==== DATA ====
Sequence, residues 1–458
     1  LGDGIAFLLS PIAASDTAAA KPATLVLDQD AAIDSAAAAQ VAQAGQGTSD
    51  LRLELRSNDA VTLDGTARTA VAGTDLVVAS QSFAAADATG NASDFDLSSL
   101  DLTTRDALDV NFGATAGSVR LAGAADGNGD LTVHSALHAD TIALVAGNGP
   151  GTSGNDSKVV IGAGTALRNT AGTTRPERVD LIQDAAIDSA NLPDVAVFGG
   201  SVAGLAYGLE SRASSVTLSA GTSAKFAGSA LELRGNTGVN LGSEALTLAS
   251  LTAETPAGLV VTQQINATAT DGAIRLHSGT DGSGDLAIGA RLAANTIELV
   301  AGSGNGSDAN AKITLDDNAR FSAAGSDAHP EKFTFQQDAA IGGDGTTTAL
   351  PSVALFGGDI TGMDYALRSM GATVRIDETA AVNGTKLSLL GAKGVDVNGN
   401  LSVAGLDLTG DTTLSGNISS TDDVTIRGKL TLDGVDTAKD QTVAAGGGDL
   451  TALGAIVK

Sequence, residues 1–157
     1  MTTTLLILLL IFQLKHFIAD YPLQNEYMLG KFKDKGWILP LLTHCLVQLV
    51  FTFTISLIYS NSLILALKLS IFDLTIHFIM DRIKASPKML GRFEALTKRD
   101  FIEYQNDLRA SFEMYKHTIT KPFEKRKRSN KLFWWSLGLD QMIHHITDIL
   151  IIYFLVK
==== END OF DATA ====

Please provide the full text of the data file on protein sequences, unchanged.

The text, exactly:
Sequence, residues 1–458
     1  LGDGIAFLLS PIAASDTAAA KPATLVLDQD AAIDSAAAAQ VAQAGQGTSD
    51  LRLELRSNDA VTLDGTARTA VAGTDLVVAS QSFAAADATG NASDFDLSSL
   101  DLTTRDALDV NFGATAGSVR LAGAADGNGD LTVHSALHAD TIALVAGNGP
   151  GTSGNDSKVV IGAGTALRNT AGTTRPERVD LIQDAAIDSA NLPDVAVFGG
   201  SVAGLAYGLE SRASSVTLSA GTSAKFAGSA LELRGNTGVN LGSEALTLAS
   251  LTAETPAGLV VTQQINATAT DGAIRLHSGT DGSGDLAIGA RLAANTIELV
   301  AGSGNGSDAN AKITLDDNAR FSAAGSDAHP EKFTFQQDAA IGGDGTTTAL
   351  PSVALFGGDI TGMDYALRSM GATVRIDETA AVNGTKLSLL GAKGVDVNGN
   401  LSVAGLDLTG DTTLSGNISS TDDVTIRGKL TLDGVDTAKD QTVAAGGGDL
   451  TALGAIVK

Sequence, residues 1–157
     1  MTTTLLILLL IFQLKHFIAD YPLQNEYMLG KFKDKGWILP LLTHCLVQLV
    51  FTFTISLIYS NSLILALKLS IFDLTIHFIM DRIKASPKML GRFEALTKRD
   101  FIEYQNDLRA SFEMYKHTIT KPFEKRKRSN KLFWWSLGLD QMIHHITDIL
   151  IIYFLVK